The Power of Civil Society depicts events that, due to social pressure at the time, have only recently surfaced. When Germany ordered Bulgaria to surrender its Jews, a great outcry emerged from the Bulgarian people, and the country ultimately refused Germany’s demands. Because of the Bulgarian people’s heroism, most of the country’s 50,000 Jews were spared death in Nazi concentration camps.
RSVP to Holland at 617-353-7634 or email@example.com.
Renowned musician, artist and author David Byrne and noted cognitive scientist Steven Pinker will come together on Monday, September 24th at 8:00 p.m. at BU’s Tsai Performance Center for David Byrne and Steven Pinker in Conversation, “How Music Works: Are We Born Musical?” The discussion will center on Mr. Byrne’s latest book, How Music Works, which looks at how music is shaped by time and space.
Sponsored by the Office of the Provost, the event is presented in partnership with DialogProjects and kicks-off the Boston University Arts Initiative. Created by the Office of the Provost, the BU Arts Initiative is a campus-wide effort to improve visibility for the University’s broad array of existing arts-related activities.
The event is free and open to the public, but tickets must be reserved in advance. Tickets must be picked-up at least 15 minutes prior to the start of the discussion or they will be re-issued. For more information, call the Tsai Center box office at 617-353-8725 or visit: http://go.bu.edu/byrne-pinker.
How Music Works, which will be released this month, is David Byrne’s remarkable and buoyant celebration of a subject he’s spent a lifetime thinking about. He explains how profoundly music is shaped by its time and place, and how the advent of recording technology forever changed our relationship to playing, performing, and listening to music. Acting as historian and anthropologist, raconteur and social scientist, he searches for patterns—and tells us how they have affected his own work over the years with Talking Heads and his many collaborators. Touching on the joy, physics, and the business of making music, he also shows how it is inextricably linked to its cultural and physical context.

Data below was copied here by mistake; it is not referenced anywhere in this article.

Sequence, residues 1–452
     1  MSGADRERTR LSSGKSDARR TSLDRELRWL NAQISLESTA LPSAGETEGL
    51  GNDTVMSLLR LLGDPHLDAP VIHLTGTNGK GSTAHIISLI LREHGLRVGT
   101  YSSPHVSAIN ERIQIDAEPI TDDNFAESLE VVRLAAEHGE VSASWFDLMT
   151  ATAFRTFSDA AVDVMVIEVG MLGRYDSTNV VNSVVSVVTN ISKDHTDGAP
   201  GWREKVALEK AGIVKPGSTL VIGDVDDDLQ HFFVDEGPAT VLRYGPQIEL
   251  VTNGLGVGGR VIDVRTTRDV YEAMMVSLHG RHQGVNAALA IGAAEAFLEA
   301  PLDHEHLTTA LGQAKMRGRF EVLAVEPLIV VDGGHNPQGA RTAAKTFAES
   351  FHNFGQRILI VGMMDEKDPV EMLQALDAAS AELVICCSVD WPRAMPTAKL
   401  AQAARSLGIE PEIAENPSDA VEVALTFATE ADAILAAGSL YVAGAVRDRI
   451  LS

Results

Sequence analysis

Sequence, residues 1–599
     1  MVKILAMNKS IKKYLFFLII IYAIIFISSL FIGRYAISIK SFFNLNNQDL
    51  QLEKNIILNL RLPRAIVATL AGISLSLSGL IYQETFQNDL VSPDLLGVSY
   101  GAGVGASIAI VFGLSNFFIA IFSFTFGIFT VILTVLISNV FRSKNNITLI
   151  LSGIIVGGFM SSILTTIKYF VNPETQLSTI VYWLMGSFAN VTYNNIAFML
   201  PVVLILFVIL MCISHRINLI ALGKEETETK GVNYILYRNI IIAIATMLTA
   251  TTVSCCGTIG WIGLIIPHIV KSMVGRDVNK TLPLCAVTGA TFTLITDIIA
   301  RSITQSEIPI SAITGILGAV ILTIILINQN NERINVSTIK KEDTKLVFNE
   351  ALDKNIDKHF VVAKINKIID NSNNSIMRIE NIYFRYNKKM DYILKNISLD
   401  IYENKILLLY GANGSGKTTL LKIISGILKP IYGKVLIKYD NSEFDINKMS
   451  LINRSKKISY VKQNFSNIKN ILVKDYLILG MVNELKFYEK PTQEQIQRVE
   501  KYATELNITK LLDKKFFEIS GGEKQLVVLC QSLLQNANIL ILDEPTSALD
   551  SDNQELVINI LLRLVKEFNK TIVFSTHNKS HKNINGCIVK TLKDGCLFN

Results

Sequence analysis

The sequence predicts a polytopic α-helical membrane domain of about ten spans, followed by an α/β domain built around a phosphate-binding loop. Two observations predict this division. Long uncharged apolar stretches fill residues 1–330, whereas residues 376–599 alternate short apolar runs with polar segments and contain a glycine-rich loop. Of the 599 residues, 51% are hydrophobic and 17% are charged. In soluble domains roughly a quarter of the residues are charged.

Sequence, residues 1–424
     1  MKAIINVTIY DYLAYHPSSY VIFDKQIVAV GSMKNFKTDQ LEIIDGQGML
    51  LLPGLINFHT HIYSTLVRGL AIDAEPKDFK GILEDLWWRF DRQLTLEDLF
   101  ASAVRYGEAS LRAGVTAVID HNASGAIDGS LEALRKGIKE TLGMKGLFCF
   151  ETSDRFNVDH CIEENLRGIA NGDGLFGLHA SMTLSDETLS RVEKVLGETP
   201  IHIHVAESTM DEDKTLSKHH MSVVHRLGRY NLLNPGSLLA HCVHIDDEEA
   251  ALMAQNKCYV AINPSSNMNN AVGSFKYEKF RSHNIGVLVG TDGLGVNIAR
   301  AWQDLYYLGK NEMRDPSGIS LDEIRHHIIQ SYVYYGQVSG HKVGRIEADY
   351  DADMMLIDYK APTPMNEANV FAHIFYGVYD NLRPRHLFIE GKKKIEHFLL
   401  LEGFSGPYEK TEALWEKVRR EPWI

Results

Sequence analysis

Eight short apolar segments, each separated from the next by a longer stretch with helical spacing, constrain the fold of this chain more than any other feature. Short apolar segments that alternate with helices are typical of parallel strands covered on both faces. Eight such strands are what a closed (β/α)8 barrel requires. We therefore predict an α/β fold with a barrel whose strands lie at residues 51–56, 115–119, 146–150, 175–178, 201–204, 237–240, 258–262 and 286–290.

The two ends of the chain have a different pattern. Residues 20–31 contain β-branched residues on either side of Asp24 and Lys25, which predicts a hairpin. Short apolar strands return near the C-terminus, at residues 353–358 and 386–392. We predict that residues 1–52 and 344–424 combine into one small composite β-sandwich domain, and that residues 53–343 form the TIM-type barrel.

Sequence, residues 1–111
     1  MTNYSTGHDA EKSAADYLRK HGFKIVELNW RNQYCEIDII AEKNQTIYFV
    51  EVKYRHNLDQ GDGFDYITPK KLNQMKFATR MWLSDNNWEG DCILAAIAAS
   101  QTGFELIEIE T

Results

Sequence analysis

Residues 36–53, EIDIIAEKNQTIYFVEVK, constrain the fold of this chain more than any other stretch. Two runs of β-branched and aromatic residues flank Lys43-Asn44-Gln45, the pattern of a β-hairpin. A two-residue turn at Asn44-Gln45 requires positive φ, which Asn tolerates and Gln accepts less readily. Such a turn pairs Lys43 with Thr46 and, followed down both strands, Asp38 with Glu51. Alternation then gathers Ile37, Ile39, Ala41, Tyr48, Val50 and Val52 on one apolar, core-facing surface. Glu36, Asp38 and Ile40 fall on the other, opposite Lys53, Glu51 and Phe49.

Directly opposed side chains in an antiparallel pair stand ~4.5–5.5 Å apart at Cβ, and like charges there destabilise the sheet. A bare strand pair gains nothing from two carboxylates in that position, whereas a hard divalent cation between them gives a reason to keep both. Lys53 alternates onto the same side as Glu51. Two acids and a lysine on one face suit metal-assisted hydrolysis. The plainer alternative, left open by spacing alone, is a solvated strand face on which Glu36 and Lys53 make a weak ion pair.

David Byrne is a Scottish-born Rock and Roll Hall of Famer and co-founder of Talking Heads. He has been the recipient of many awards, including an Oscar and a Golden Globe. The author of Bicycle Diaries and The New Sins, Byrne lives in New York City.
Steven Pinker is a cognitive scientist at Harvard who conducts research on how people learn, use, and change language, and he is also one of the world’s foremost writers on the human mind and human nature. His research on visual cognition and the psychology of language has won prizes from the National Academy of Sciences, the Royal Institution of Great Britain, the Cognitive Neuroscience Society, and the American Psychological Association. He has also received seven honorary doctorates, several teaching awards at MIT and Harvard, and numerous prizes for his books The Language Instinct, How the Mind Works, and The Blank Slate. He is Chair of the Usage Panel of the American Heritage Dictionary, and often writes for The New York Times, Time, and The New Republic.
On Thursday, May 10th, the Boston Youth Symphony Orchestras (BYSO) will host its annual spring gala at the Mandarin Oriental, Boston from 6:30-9:30 p.m. This year’s event will feature an intimate performance of Mozart’s Eine Kleine NachtMuzik (A Little Night Music) by young musicians from BYSO’s premier orchestra, Boston Youth Symphony, conducted by Music Director Federico Cortese. This evening will also include a casual spread of food and cocktails as well as both a live and silent auction. Items include an autographed John Williams Star Wars score, a Red Sox package with 4 box seats, Bruins box seats, and a Stowe, VT vacation package. Tickets for this event are $150, available for purchase here. All proceeds will go towards financial aid awards for BYSO students.